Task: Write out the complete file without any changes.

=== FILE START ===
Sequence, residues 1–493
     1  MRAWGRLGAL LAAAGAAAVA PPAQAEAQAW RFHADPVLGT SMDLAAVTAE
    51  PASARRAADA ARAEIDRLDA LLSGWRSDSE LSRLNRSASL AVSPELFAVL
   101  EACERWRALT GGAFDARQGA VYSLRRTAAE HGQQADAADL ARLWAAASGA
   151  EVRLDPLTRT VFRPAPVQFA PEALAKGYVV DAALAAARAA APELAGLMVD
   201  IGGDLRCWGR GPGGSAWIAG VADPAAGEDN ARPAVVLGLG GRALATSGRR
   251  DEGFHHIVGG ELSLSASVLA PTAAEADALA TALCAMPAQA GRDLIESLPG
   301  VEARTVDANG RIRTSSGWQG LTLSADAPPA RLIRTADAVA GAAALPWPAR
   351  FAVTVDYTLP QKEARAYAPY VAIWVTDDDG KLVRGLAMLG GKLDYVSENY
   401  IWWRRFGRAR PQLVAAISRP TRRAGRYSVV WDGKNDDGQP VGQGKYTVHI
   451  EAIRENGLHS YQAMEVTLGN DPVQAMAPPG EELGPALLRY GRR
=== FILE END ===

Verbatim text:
Sequence, residues 1–493
     1  MRAWGRLGAL LAAAGAAAVA PPAQAEAQAW RFHADPVLGT SMDLAAVTAE
    51  PASARRAADA ARAEIDRLDA LLSGWRSDSE LSRLNRSASL AVSPELFAVL
   101  EACERWRALT GGAFDARQGA VYSLRRTAAE HGQQADAADL ARLWAAASGA
   151  EVRLDPLTRT VFRPAPVQFA PEALAKGYVV DAALAAARAA APELAGLMVD
   201  IGGDLRCWGR GPGGSAWIAG VADPAAGEDN ARPAVVLGLG GRALATSGRR
   251  DEGFHHIVGG ELSLSASVLA PTAAEADALA TALCAMPAQA GRDLIESLPG
   301  VEARTVDANG RIRTSSGWQG LTLSADAPPA RLIRTADAVA GAAALPWPAR
   351  FAVTVDYTLP QKEARAYAPY VAIWVTDDDG KLVRGLAMLG GKLDYVSENY
   401  IWWRRFGRAR PQLVAAISRP TRRAGRYSVV WDGKNDDGQP VGQGKYTVHI
   451  EAIRENGLHS YQAMEVTLGN DPVQAMAPPG EELGPALLRY GRR